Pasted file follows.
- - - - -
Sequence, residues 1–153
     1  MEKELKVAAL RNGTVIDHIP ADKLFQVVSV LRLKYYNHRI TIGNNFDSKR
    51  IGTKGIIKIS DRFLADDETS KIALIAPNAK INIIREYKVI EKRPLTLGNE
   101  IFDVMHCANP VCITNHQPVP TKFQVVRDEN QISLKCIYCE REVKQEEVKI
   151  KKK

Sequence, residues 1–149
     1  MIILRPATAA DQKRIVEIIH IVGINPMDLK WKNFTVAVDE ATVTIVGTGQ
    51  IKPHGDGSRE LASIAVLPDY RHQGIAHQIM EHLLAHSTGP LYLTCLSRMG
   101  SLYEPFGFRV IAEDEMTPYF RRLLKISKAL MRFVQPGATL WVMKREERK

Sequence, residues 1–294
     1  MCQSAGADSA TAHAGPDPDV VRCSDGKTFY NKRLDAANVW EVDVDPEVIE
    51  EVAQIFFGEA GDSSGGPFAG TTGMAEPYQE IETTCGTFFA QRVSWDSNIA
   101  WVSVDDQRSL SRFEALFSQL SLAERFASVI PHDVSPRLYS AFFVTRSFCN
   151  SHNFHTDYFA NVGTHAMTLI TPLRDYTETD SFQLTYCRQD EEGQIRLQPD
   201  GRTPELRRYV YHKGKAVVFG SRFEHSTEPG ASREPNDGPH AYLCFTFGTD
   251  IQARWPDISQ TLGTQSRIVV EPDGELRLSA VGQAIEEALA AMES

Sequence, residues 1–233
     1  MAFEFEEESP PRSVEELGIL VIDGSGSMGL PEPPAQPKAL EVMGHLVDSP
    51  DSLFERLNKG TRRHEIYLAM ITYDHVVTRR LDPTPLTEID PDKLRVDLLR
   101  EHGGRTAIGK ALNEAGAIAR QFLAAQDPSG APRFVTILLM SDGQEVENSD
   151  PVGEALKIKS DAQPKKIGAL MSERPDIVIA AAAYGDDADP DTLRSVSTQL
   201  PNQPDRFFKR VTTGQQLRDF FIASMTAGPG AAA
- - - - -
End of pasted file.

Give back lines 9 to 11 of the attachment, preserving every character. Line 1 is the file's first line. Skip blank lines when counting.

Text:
   101  SLYEPFGFRV IAEDEMTPYF RRLLKISKAL MRFVQPGATL WVMKREERK

Sequence, residues 1–294
     1  MCQSAGADSA TAHAGPDPDV VRCSDGKTFY NKRLDAANVW EVDVDPEVIE